"Miami Vice" is one of the more perplexing studio releases of the year, a reported $140-million monster that has nearly no action or special effects to show for its budget, and a comatose plot so uninvolving and deliberately paced that commercial prospects look frighteningly grim. A loose adaptation of the 1984-1989 television series posing as a love story posing as a crime drama, the film's biggest cardinal sin is how deadly serious and somber writer-director Michael Mann (2004's "Collateral
") treats the material. Any movie based on a somewhat kitschy show from the past should have a sense of fun to it (think 2000's exuberant "Charlie's Angels
"), and "Miami Vice" doesn't. It's a joyless, downbeat affair with a monotonously self-important mess of a script, featuring actors who look like they'd rather be anywhere else but here.
Strictly in terms of plotting, dialogue and editing, "Miami Vice" is an unmitigated disaster. The undercover crime story, stale and unimaginative to boot, is either difficult to follow or just so dull that the viewer can hardly bother paying rapt attention. The writing, too, is awkward and often overwrought, with the actors alternating between mumbling their lines and silently staring off into space, looking as if they are woefully unprepared to be in front of the camera. Possibly falling prey to script problems, the editing moves at the speed of molasses and for a long time takes on the appearance of a late-night Cinemax flick, complete with no less than four or five gratuitous sex scenes within a 20-minute block.
And yet, even as the picture sinks to shocking depths in the shadow of its own flagrant egotism, "Miami Vice" is nearlyjust nearly
saved by its top-shelf aesthetics. If this is one of the heftiest creative failures of the year, it is also a masterpiece of mood and visuals, painting a part-gritty, part-breathtaking portrait of Miami so electrifying in its atmosphere that you can practically feel the city's humidity and landscape of deep-blue and purple neon emanating off the screen. Michael Mann's writing deals in pithy, unmotivated nonsense, but his filmmaking abilities are never in question. He has crafted a splendid-looking motion picture with cinematographer Dion Beebe (2003's "In the Cut
"), the images as pulsating with mystery and depth as the narrative is emotionally dead. The sound mixing is extraordinary, playing ingeniously with silence as a tool to create tension, and the memorable music choices across the board (including, yes, a cover version of Phil Collins' "In the Air Tonight" by Nonpoint) are without fault.
Colin Farrell (2004's "Alexander
") and Jamie Foxx (2005's "Jarhead
") take over for series regulars Don Johnson and Philip Michael Thomas as vice detectives Sonny Crockett and Ricardo Tubbs. In order to infiltrate a group of narcotics traffickers involved in a multiple murder, they must go deep undercover as smugglers whose job it is to transport drug loads to southern Florida. Against his better judgment, Sonny begins secretly romancing Isabella (Gong Li), a Chinese-Cuban drug dealer who appears to have a sympathetic soul underneath her steely exterior. Sleeping with someone who is ostensibly on the enemy's side, however, can only mean trouble as Sonny and Ricardo move closer to their target.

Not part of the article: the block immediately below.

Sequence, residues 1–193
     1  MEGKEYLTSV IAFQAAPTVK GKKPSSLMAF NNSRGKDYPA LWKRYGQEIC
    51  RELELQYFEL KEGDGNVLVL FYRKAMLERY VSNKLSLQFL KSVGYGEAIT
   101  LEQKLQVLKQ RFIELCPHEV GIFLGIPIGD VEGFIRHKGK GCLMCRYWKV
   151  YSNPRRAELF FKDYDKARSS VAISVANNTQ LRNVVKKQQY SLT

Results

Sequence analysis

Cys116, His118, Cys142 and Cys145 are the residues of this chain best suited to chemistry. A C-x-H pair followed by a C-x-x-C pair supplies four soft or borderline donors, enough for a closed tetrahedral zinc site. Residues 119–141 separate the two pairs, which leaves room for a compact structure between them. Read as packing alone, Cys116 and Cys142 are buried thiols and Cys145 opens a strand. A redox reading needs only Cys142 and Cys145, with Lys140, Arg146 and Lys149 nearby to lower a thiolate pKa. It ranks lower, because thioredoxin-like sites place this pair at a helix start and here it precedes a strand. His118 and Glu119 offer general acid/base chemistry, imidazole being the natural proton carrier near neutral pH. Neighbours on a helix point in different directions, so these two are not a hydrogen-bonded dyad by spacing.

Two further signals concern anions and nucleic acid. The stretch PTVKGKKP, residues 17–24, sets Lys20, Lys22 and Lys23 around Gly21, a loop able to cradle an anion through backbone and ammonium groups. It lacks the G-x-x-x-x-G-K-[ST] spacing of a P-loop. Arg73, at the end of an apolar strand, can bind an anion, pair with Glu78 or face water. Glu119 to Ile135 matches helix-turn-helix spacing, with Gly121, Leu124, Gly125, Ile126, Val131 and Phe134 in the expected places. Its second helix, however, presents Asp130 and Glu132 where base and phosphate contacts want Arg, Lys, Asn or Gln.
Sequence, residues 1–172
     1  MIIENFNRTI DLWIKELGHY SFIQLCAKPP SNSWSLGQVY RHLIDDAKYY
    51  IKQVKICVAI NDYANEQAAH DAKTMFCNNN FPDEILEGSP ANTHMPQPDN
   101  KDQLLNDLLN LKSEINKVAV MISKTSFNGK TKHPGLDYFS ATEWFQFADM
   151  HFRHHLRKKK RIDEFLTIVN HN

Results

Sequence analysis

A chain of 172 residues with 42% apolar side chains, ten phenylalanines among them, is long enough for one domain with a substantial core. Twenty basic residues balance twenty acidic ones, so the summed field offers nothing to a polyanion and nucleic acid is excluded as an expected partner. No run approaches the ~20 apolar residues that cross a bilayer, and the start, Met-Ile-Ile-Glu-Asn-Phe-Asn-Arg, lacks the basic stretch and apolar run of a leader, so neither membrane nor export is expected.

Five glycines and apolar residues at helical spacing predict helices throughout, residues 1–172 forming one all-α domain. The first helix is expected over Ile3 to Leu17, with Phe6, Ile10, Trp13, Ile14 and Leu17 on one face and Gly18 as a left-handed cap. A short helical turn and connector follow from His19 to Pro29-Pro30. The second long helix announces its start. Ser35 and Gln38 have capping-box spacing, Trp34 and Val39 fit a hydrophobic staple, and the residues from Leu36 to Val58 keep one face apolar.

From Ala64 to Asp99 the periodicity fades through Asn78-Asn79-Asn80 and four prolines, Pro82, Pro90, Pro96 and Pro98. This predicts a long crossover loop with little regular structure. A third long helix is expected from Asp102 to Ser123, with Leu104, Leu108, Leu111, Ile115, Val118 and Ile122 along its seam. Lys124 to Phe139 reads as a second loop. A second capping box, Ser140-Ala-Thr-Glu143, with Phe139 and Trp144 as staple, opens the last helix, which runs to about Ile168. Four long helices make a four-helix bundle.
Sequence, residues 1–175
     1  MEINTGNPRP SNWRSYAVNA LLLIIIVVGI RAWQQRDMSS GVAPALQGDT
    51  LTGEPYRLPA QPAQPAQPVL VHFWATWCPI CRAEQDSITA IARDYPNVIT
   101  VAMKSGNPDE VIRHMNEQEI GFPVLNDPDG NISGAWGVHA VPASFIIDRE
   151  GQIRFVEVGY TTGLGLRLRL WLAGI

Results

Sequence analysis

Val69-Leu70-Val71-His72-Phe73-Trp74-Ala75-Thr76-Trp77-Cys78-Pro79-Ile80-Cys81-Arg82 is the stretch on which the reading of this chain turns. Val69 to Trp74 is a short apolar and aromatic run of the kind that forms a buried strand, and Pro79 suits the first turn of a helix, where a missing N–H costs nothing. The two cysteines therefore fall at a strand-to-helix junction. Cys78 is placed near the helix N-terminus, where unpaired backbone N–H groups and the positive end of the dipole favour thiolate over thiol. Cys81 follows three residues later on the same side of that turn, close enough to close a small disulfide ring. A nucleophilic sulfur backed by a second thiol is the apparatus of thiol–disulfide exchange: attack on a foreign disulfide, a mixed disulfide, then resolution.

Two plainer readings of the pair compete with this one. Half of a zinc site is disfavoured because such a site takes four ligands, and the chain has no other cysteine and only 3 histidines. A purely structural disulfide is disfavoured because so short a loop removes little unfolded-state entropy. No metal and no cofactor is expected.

"Miami Vice" is a film that would work ten times better if the dialogue was put on mute and the music and images did all the talking. The plot is an afterthought, and even director Michael Mann seems disinterested in it. After all, why else would he put so much emphasis on the forbidden love affair between Sonny and Isabella and treat the central story thread involving the undercover investigation like a necessary evil? Billed as an action-packed thriller in the marketing ads, the movie's violence comes in abrupt spurts and the only action of note are a couple been-there-done-that shootouts. Audiences expecting a fast-paced popcorn ride will leave 130 minutes later thoroughly unsatisfied by the ponderous nature of the narrative, filled with long pauses, lingering glances between characters, and a buddy relationship between Sonny and Ricardo that barely qualifies as a friendship at all.
Colin Farrell and Jamie Foxx share middling screen time together as Sonny and Ricardo and even less chemistry. They are so stale as partners and disconnected from each other that if it were revealed the two actors shot all of their stuff separately and then were pieced into the same scenes during post-production, it wouldn't come as a surprise. Jamie Foxx may have won as Oscar less than two years ago for "Ray
," but that standout performance is beginning to feel like a fluke; he is terrible as Ricardo Tubbs, a listless presence with thankfully little to do. Colin Farrell's Sonny Crockett is unquestionably the lead of the filmhe is the person we followbut a detached one at that. Farrell's line deliveries are wooden and stilted; this could be his worst acting turn to date. Filling in the female quotient are Naomie Harris (the one saving grace of 2006's grossly overrated "Pirates of the Caribbean: Dead Man's Chest
"), as Ricardo's longtime girlfriend Trudy, and Gong Li (2005's "Memoirs of a Geisha
"), as the morally torn Isabella. Ironic, that the one actor who doesn't fluently speak EnglishGong Liovercomes all the odds and delivers the film's most nuanced and focused performance.
With "Miami Vice," Michael Mann has concocted a big-budget art flick burdened by a clunker of a screenplay that is clueless of how to convey the spirit of the television series while establishing itself as a stand-alone entity. Gorgeous on the outside but as murky as a mud puddle internally, the film is unlikely to please fans and even less likely to garner new ones. Were "Miami Vice" but a series of frozen snapshots, it would be something to celebrate. As a cinematic work that necessitates characters and plot, it is a frustrating, disorganized lost cause.